One often used measure of a district’s vulnerability to takeover is its presidential vote, but the 2008 cycle has made matters confusing. What should we do with districts whose 2008 movement far exceeds the national movement?
For instance: Should national parties trying to decide how much attention to devote to IN-9 look to 2004 (an 18% Bush victory) or 2008 (a 1% Obama district) as most reflective of the district’s partisan leanings? That question can be translated in another way: Should we hold Obama’s over-average gain in that particular district as a fleeting consequence of ephemeral circumstances (for instance an unbalance in campaign spending) or as the reflection of a more fundamental demographic and partisan transformation?
This morning, Swing State Project published a fascinating analysis of congressional districts’ racial composition changes between 2000 and 2008 that helps answer that question. The post has lot of important demographic tidbits. First, clear evidence of the gentrification of urban districts, especially in New York: four of the ten districts with the biggest white gain (in terms of percentage) are in NYC. Second, confirmation that African-Americans are increasingly moving into the suburbs, especially in Georgia: the two districts that have seen the largest African-American growth are in the Atlanta suburbs.
There are a lot of ways in which to read this data, but the point of my post is to point out the electoral consequences: Some of these districts with big demographic changes are also on the list of those that swung to Obama by big margins. That means that their political movement is a long-term transformation - one that is likely to continue in the foreseeable future, very seriously endangering Republicans and solidifying Democrats who occupy these seats.
All of these questions are particularly important for the DCCC to ponder in California, where 9 districts (8 of them represented by a Republican) swung from Bush to Obama - all in large movements ranging from 15% to 20%. And 3 of these 9 are on the list of 25 districts in which the share of the white population decreased the most!
- One is represented by a Democrat: Jerry McNerny’s CA-11. It was 64% white in 2000, when it voted for Bush by 8%; it is now 51% white, and voted for Obama by 10%.
- Two are represented by Republicans: McKeon’s CA-25 and Lungren’s CA-03. The former was 57% white in 2000, when it voted for Bush by 14%; it’s now 44% white, and it voted for Obama by 1%. The latter was 74% white in 2000, when it voted for Bush by 14%; it’s now 63% white, and it narrowly went for Obama.
When deciding which California seats are worth targeting, the DCCC should look very closely at CA-25 and CA-03, as they can now point to a concrete demographic reason that these districts so dramatically swung to Obama in 2008. By contrast, the NRCC might reconsider the high priority it’s put on CA-11: The district’s quite dramatic demographic evolution over the past 8 years makes the GOP pointing to Bush’s victories inadequate. McNerny looks less vulnerable.
Similar conclusions can be drawn in other districts, starting with Dem-held districts where incumbents can breath easier:
- NV-03 (Titus): 69% white to 59% white; 1% Gore to 12% Obama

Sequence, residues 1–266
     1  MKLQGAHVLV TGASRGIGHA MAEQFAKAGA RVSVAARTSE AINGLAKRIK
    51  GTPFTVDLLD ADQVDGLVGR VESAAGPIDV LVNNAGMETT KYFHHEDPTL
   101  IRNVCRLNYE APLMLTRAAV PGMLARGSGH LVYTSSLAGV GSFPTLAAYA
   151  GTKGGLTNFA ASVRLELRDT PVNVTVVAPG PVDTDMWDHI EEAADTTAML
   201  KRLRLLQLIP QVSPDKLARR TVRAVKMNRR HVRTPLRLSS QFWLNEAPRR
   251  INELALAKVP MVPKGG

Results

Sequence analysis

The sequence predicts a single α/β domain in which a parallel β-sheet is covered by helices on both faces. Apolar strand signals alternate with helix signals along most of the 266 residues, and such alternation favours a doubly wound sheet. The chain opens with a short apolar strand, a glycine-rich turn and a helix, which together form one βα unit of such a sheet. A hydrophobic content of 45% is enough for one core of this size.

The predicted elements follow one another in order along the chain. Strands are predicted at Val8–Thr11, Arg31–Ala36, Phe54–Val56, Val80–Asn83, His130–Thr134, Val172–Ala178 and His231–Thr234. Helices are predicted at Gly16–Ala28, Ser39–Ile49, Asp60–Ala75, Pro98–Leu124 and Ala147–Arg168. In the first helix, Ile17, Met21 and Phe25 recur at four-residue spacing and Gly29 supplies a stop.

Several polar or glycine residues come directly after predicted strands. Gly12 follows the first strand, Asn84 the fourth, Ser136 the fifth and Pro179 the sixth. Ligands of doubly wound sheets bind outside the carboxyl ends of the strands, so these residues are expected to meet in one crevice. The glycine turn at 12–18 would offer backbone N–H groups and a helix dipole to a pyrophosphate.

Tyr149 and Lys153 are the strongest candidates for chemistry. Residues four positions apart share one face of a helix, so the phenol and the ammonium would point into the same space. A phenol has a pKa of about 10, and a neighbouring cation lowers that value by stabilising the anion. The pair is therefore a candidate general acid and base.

- VA-11 (Connolly): 69% white to 57% white; 7% Bush to 15% Obama
- CA-10 (vacant): 65% white to 55% white; 12% Gore to 32% Obama
Note that VA-11 is a very interesting case, as no one would point to the 2000 or 2004 results to argue that Connolly should be considered vulnerable. Northern Virginia’s blue drift has been accepted by most as a long-term phenomenon, and Obama’s 15% victory is recognized as a better indicator of Connolly’s (lack of) vulnerability. Also: I am only including CA-10 because a special election is coming up, and this gives us a useful indicator as to whether the GOP has a chance of defeating Lieutenant Governor Garamendi.
Then, we have GOP-held seats about which Republicans have reason to start worrying:
- FL-12 (Putnam): 72% white to 63% white; 10% Bush to 1% McCain
- TX-24 (Marchand): 64% white to 52% white; 36% Bush to 11% McCain
- TX-10 (McCaul): 66% white to 55% white; 33% Bush to 11% McCain
- FL-15 (Posey): 78% white to 69% white; 8% Bush to 3% McCain
- NJ-07 (Lance): 79% to 70% white; 1% Bush to 3% Obama
Pay particular attention to FL-12, which will host an open seat race in 2010 since Putnam is running for statewide office. Based on the district’s giving Bush two large victories - not only 10% in 2000, but 16% in 2004 - the district is described as hostile to Democrats despite the 2008 election’s near tie. However, the fact that the partisan evolution coincidences with quite a stark demographic change suggests that we should pay more attention to last year’s results when deciding whether Democrats have a chance at picking-up the seat.
TX-24 and TX-10 still remain too conservative to be top-tier opportunities for the DCCC, though Democrats are mounting a spirited challenge to McCaul. Yet, it is clear that the demographic evolution is so rapidly threatening GOP dominance over these regions that it is probably only a matter of time before Democrats grow truly competitive.
That gets us to one final observation: The demographic problem the GOP faces in these districts is only the preview of a broader challenge they’ll face nationally as the share of the white population decreases in the United States as a whole. This will be a problem for Republicans at the presidential level and at the House level; it’s not like other districts will get whiter in a way to benefit Republicans because the GOP is losing its grip on the district I listed above. Republicans have to urgently find a way to update their electoral coalition; that they’ve alienated Hispanic voters in recent years certainly won’t help.